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Last Updated: Tuesday, 29 April, 2003, 07:41 GMT 08:41 UK
Iraqi antiquities summit held
The vault of the National Museum in Baghdad
Looters left little behind

Representatives from some of the world's leading museums are meeting at the British Museum in London to discuss how to help museums and archaeologists in Iraq.

Thousands of priceless and irreplaceable objects are still missing from museums there in the looting that followed the toppling of Saddam Hussein by US-led forces.

On Monday, the American military said that more than 100 items looted from Iraqi museums had been handed in to coalition forces.

"Iraqis started to return the items after coalition forces began urging local residents to return any artefacts taken during the looting in Baghdad," US Central Command in the Gulf state of Qatar said in a statement.

The items are said to include priceless manuscripts, a 7,000-year-old vase and one of the oldest bronze bas-relief representations of a bull.

The US has pledged to recover and repair priceless antiquities from Iraq's museums, following widespread criticism of coalition forces for their failure to stop looting.

Worldwide hunt

The aim of the London meeting - organised by the British Museum and the cultural arm of the United Nations, Unesco, - is to decide what can be done by the international community to restore Iraq's devastated heritage.

John Curtis, the British Museum's keeper of Near East antiquities, will brief colleagues from the Louvre in Paris, the Getty Museum in California, New York's Metropolitan Museum and the Hermitage in St Petersburg.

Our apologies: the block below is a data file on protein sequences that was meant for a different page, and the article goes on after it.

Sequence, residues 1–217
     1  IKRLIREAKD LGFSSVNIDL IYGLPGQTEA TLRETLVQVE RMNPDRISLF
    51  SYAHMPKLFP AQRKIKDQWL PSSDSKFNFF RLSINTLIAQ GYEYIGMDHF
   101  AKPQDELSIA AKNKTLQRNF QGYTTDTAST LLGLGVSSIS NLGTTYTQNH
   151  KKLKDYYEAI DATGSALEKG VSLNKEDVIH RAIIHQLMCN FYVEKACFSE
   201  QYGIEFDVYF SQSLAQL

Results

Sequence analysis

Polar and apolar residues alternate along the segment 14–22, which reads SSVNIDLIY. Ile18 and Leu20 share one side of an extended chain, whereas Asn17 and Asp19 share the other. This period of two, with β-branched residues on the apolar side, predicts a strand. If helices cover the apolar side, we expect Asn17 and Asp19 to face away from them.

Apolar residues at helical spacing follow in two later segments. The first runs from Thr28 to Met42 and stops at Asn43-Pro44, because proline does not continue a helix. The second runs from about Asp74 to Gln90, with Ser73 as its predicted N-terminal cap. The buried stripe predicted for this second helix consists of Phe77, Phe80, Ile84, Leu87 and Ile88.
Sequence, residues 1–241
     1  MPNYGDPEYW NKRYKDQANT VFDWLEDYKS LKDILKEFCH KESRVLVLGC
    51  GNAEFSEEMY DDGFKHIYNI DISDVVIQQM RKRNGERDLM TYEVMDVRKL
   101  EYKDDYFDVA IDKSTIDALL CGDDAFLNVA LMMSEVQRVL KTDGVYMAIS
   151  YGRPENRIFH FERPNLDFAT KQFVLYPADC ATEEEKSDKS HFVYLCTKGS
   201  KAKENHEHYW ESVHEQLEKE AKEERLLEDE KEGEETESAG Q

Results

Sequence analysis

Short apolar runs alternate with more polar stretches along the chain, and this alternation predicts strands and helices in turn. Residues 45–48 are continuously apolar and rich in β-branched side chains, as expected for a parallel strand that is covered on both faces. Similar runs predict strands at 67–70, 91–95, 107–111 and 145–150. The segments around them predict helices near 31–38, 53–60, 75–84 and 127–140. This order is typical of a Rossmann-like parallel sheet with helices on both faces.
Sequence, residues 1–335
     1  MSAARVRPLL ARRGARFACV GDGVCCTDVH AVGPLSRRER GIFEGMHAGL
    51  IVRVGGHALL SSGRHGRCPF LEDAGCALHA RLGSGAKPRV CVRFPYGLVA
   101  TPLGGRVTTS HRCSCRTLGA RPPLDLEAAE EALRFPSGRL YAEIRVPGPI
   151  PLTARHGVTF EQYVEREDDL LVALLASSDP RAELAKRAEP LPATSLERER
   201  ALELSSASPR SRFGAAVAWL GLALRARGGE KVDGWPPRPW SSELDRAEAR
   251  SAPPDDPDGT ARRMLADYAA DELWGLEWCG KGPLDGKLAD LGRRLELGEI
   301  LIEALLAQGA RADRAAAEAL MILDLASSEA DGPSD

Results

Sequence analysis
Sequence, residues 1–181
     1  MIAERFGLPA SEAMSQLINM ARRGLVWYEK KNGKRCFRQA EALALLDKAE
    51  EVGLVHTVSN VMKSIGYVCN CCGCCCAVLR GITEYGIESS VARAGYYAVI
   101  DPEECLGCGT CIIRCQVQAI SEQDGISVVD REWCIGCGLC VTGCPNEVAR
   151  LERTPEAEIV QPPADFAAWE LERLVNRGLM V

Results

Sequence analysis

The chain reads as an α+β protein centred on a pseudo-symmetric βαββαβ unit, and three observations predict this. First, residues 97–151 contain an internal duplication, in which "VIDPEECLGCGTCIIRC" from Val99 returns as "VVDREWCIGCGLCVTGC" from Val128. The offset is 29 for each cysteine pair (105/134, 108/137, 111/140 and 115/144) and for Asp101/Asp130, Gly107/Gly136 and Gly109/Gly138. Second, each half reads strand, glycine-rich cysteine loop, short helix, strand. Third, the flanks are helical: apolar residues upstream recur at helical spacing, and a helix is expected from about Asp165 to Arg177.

Mr Curtis, who has just returned from a visit to Iraq's national museum in Baghdad, will be outlining the extent of the damage.

The British Museum, which has traditionally had the largest Mesopotamian collection outside Iraq, has offered expert assistance to their beleaguered counterparts in Baghdad.

The medium-term goal of the museum community is to send a team of curators and conservators to Iraq within the next few weeks.

And with growing evidence that systematic, organised looting took place, experts attending the conference are likely to suggest measures to discourage the trade in stolen antiquities.

Police art squad members and senior customs officers will also be attending.

Interpol has already launched a worldwide hunt for looted Iraqi treasures, and has warned collectors not to buy items they suspected had been stolen.

The BBC's Caroline Hawley in Baghdad
"A handful of items have now been recovered locally"

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